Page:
I have not yet found a form of adoption in the United States that is "closed" enough for my taste, although I do know of some people who have had success finding closed adoption situations in the US.

These adoptions involve infants. While I love infants, as a woman in my 50s, I don't feel infant adoption is appropriate for me.

I do not think that CraigCreek is promoting international adoption over domestic adoption. I do think that CraigCreek has a heart for the children of Eastern Europe, particularly those with certain disabilities. And that is admirable.

CC: Thank you. This is correct.

I, however do favor international adoption. And I am permitted to hold and to express this opinion without apology.
CC: Each of us is certainly allowed to favor any form of adoption, be it domestic or international, open or closed, special needs or typical children.

Actually, I think the term I'd use here would be "prefer" rather than "favor". Preferring one type of adoption for one's own family does not mean that one disapproves of other forms of adoption for other families. I have no problem at all with individual preferences based on individual differences, abilities, needs, and wishes.

I do wish that there were more widespread awareness of the various issues involved with and related to adoption of all kinds, and that such awareness were accompanied by accurate knowledge. This forum goes a long ways towards help spreading such awareness, even when posters hold strongly differing opinions.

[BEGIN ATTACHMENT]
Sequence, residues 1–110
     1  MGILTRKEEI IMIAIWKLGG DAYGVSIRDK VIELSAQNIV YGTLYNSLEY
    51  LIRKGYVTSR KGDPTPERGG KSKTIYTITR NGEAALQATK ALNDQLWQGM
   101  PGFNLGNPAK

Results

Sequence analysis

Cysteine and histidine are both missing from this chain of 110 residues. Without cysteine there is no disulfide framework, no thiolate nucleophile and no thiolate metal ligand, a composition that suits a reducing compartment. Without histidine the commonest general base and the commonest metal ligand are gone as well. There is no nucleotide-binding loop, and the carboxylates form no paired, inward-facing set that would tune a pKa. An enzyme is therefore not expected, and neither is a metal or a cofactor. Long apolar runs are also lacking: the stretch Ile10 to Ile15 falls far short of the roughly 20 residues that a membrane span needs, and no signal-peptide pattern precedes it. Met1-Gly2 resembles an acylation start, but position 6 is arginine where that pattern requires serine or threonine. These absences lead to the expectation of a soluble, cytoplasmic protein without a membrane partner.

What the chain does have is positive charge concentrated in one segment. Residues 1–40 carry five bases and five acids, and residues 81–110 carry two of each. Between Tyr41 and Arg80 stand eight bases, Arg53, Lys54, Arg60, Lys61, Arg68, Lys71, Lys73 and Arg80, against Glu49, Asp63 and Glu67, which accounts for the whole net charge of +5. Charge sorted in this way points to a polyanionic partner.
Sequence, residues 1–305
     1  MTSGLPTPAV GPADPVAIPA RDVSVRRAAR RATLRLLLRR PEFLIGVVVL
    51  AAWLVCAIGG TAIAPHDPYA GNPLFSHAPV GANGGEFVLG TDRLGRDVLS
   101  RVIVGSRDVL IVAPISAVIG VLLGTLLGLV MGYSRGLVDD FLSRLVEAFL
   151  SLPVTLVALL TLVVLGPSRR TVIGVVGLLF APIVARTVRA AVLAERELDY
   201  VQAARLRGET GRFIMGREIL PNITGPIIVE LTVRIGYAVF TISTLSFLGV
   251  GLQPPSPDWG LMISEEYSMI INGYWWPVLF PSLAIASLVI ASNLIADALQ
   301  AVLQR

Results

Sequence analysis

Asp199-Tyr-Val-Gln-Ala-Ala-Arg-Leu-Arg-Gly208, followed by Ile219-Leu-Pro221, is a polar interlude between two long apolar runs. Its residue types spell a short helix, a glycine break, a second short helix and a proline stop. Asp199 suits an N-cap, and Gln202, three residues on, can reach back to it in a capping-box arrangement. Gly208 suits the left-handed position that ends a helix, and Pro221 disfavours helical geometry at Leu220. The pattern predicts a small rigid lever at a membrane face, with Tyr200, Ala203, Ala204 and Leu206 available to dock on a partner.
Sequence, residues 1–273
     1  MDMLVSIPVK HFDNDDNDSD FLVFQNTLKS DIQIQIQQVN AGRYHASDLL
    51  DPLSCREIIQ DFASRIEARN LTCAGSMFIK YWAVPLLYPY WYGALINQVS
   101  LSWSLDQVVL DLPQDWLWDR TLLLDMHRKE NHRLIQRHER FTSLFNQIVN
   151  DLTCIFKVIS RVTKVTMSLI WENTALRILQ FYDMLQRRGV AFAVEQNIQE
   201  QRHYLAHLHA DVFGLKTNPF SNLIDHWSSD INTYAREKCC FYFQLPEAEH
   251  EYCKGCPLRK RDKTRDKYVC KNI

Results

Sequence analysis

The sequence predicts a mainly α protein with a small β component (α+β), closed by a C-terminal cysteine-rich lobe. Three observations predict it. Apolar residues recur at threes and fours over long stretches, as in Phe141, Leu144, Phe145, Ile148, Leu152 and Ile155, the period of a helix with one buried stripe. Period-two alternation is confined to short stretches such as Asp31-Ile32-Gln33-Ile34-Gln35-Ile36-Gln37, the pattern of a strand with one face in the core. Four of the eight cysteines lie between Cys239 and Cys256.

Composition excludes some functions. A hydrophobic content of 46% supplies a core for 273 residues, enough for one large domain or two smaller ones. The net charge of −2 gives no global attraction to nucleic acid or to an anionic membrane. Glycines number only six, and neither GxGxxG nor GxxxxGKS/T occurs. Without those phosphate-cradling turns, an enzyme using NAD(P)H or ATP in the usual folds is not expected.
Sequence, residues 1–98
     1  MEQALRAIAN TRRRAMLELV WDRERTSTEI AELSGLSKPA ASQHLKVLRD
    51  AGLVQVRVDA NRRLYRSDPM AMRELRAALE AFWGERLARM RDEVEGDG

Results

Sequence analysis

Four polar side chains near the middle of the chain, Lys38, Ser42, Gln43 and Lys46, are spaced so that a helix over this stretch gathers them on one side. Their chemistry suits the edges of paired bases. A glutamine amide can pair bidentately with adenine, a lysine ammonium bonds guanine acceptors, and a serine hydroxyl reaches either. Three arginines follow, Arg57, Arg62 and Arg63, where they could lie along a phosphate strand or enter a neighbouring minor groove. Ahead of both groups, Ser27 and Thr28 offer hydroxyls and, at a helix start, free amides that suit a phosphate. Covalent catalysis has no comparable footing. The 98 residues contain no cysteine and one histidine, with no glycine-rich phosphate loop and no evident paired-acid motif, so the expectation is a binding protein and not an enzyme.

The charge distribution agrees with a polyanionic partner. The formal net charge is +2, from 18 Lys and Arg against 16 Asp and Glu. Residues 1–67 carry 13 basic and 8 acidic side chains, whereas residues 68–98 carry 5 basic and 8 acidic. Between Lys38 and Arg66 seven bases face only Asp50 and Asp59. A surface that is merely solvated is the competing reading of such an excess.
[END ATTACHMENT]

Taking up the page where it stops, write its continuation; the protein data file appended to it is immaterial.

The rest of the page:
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Old 05-13-2013, 08:04 PM
 
Location: Liberal Coast
4,277 posts, read 5,150,055 times
Reputation: 3889
Quote:
Originally Posted by sheena12 View Post
The purpose of the thread was not to be directed to "do searches for some blogs and come up with these families". The purpose was, and is; to discuss this subject.

People, last time I checked; are permitted to prefer one type of adoption over another.

I have not yet found a form of adoption in the United States that is "closed" enough for my taste, although I do know of some people who have had success finding closed adoption situations in the US.

These adoptions involve infants. While I love infants, as a woman in my 50s, I don't feel infant adoption is appropriate for me.

I do not think that CraigCreek is promoting international adoption over domestic adoption. I do think that CraigCreek has a heart for the children of Eastern Europe, particularly those with certain disabilities. And that is admirable.

I, however do favor international adoption. And I am permitted to hold and to express this opinion without apology.
OK, well, I put that in there because of know way too many positive stories to write about here. Plus, it's not my place to tell the stories of other families.